Invitations to the forum’s plenary session have been sent to Russian Government members and heads of major international corporations and leading Russian companies, delegates from over 60 countries, including 550 investors from Russia, Europe, the United States, the Middle East and Africa.
VTB Capital Investment Forum is a leading platform for attracting portfolio and strategic investments to the Russian economy and for effective interaction between Russian businesses and international investors.
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President of Russia Vladimir Putin: Colleagues,
It really is a great pleasure to greet everyone taking part in the Russia Calling! forum. We know from past occasions and see again today that this forum brings together prominent businesspeople and leading business consultants in investment and banking. It attracts those who ‘make the weather’ on the financial markets and influence companies’ and organisations’ investment strategies.
Taking part in this panel session is a good opportunity for direct discussion of key economic issues and our plans for ensuring economic growth and improving our business climate. It is the chance to discuss in general the prospects for investment cooperation and work on the Russian market.
I note that we have achieved sustainable macroeconomic stabilisation over these last few years. The inflation rate is coming down now and was 6.4 percent a year at the start of October. I remind you that at the same moment in 2015, it was 15.7 percent, but is now 6.4 percent. This is clear progress.
We expect that the inflation rate will hit a new historic minimum by the end of this year and come down to below 6 percent. I remind you the lowest inflation rate in Russia’s recent history was in 2011, when it came down to 6.1 percent. Next year, we will come close to our declared target of 4 percent.
Our national currency, the ruble, has become considerably less volatile and the Central Bank’s international reserves are growing. They currently stand at around $400 billion. At the start of this year, they came to $368 billion and were up to $397.7 billion on September 30. The figure is floating and is now close to $400 billion.
One important sign of stabilisation is that the real sector of our economy is no longer falling and the import replacement policy is producing results. In some sectors, such as machinery and equipment, light industry, and timber processing, we are seeing modest but nonetheless quite confident growth.
For reference, I can tell you that production of machinery and equipment was up by 3.6 percent, textile production rose by 4 percent, chemicals production increased by 4.9 percent, and production of shoes and leather goods posted an increase of just over 9 percent. Russia’s agriculture sector continues performing well, up 3.4 percent over the first 8 months of this year. Foodstuffs production is up 2.4 percent.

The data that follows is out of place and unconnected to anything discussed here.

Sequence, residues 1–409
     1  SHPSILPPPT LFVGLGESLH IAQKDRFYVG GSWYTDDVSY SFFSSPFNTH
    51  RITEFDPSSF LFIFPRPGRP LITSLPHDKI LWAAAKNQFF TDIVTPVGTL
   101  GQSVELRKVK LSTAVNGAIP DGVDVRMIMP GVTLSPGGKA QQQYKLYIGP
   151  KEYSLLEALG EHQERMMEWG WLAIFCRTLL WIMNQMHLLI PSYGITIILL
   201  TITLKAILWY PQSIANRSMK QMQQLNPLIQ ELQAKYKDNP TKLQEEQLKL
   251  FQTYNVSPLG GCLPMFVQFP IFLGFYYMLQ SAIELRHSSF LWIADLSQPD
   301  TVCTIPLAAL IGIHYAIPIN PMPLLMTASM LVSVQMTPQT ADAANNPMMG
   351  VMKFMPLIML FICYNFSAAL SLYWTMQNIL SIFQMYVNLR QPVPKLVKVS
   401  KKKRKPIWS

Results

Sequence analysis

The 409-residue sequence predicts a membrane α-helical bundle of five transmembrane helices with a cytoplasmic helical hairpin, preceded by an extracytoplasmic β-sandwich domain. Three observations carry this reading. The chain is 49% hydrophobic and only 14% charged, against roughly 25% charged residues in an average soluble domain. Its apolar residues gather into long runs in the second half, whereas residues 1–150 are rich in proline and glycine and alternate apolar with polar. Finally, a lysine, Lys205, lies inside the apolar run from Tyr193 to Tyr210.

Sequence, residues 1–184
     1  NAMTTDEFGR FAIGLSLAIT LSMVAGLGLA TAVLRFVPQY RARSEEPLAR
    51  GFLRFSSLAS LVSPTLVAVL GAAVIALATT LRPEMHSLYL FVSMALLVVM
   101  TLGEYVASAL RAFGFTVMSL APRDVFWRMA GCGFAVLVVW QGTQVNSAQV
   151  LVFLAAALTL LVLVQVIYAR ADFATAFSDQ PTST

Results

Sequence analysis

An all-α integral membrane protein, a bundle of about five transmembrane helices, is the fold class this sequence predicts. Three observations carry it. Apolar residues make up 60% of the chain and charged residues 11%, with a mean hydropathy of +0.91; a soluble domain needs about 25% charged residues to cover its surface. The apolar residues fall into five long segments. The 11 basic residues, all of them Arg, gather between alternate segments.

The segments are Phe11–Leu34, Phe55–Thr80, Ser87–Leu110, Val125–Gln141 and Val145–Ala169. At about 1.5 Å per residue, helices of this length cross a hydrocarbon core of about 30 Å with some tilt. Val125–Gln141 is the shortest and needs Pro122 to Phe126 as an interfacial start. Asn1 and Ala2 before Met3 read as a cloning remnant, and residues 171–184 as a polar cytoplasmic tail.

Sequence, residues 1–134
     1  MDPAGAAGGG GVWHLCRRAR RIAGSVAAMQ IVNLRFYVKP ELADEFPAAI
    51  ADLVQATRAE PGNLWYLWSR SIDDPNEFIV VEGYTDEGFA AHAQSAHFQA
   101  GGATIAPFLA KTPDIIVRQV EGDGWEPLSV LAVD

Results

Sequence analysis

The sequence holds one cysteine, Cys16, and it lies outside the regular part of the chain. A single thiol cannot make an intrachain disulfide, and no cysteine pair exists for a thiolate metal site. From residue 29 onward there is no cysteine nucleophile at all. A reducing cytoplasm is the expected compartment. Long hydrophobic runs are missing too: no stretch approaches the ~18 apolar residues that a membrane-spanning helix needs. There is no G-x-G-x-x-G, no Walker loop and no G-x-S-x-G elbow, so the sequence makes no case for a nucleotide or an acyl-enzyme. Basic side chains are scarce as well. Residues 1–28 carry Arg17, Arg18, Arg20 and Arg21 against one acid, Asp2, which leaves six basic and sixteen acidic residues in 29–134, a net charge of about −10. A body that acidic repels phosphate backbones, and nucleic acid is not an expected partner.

The pickup in the economy can be seen in the banking sector too. The Central Bank is gradually lowering its key rate. Overall, we are seeing a trend for lending interest rates to come down. Rates are still quite high and lending to the real sector has not yet recovered in the sense it is not yet enough to cover lending needed for sustained economic growth.
The portfolio of loans to the real sector, which I would say is one of the problems we face today, actually dropped over January-September by 6.8 percent from 33.3 trillion rubles to 31 trillion rubles.
But nonetheless, the improvement in our macroeconomic conditions has encouraged new interest in the Russian market. This summer, for the first time in a long while we registered a balance of payments surplus on capital account. Net capital outflow decreased five-fold over the first three quarters of this year compared to 2015, down to $9.6 billion. I remind you that in 2015, the figure for the same period was more than $48 billion, and total net capital outflow in 2015 was $57.5 billion. Now it is $9.6 billion.
Another sign of the growing business interest in Russia is that the net flow of foreign direct investment into Russia’s non-financial sector increased 3.6-fold over the first three quarters of this year and came to $8.3 billion.
Stock market capitalisation is growing. The MICEX and RTS indices each added around 200 points. These are good trend indicators and reflect the level of confidence in Russia and the business community’s assessment of our country’s prospects. This assessment is very important to us, particularly now, when the stability we have achieved has not yet become steady long-term growth. At the same time, we are fully aware that economic growth does not happen automatically and that we need to work on creating the conditions for growth. In this respect, I want to say a few words about our economic agenda for the upcoming period.
First, we need to support the emerging trends for improved macroeconomic stability, including by continuing our efforts to achieve our inflation targets and continue a responsible budget policy. Speaking frankly, perhaps it is still a bit early in today’s situation, but the Government does have a dose of healthy optimism and I certainly support them in this too. The Government will examine the draft budget tomorrow.
We succeeded in balancing the 2017 budget with a 3-percent deficit. This is an acceptable level, even compared to the world’s leading economies. Of course, we are fully aware that this does represent a significant amount for our economy and we know that we must be very careful with this deficit during budget planning and execution. This is precisely the approach we will take. The Government was able to obtain this figure by optimising public expenditures and making them more effective.
Federal budget spending as a percentage of GDP will drop from 19.8 percent in 2016 to 18.5 percent in 2017 and 16.2 percent in 2019. Specialists, which include the majority of people here today, all realise that this not a simple task. But we think that the task has been formulated properly and we will proceed carefully along this path, taking care at the same time to respect our social commitments to the people of Russia.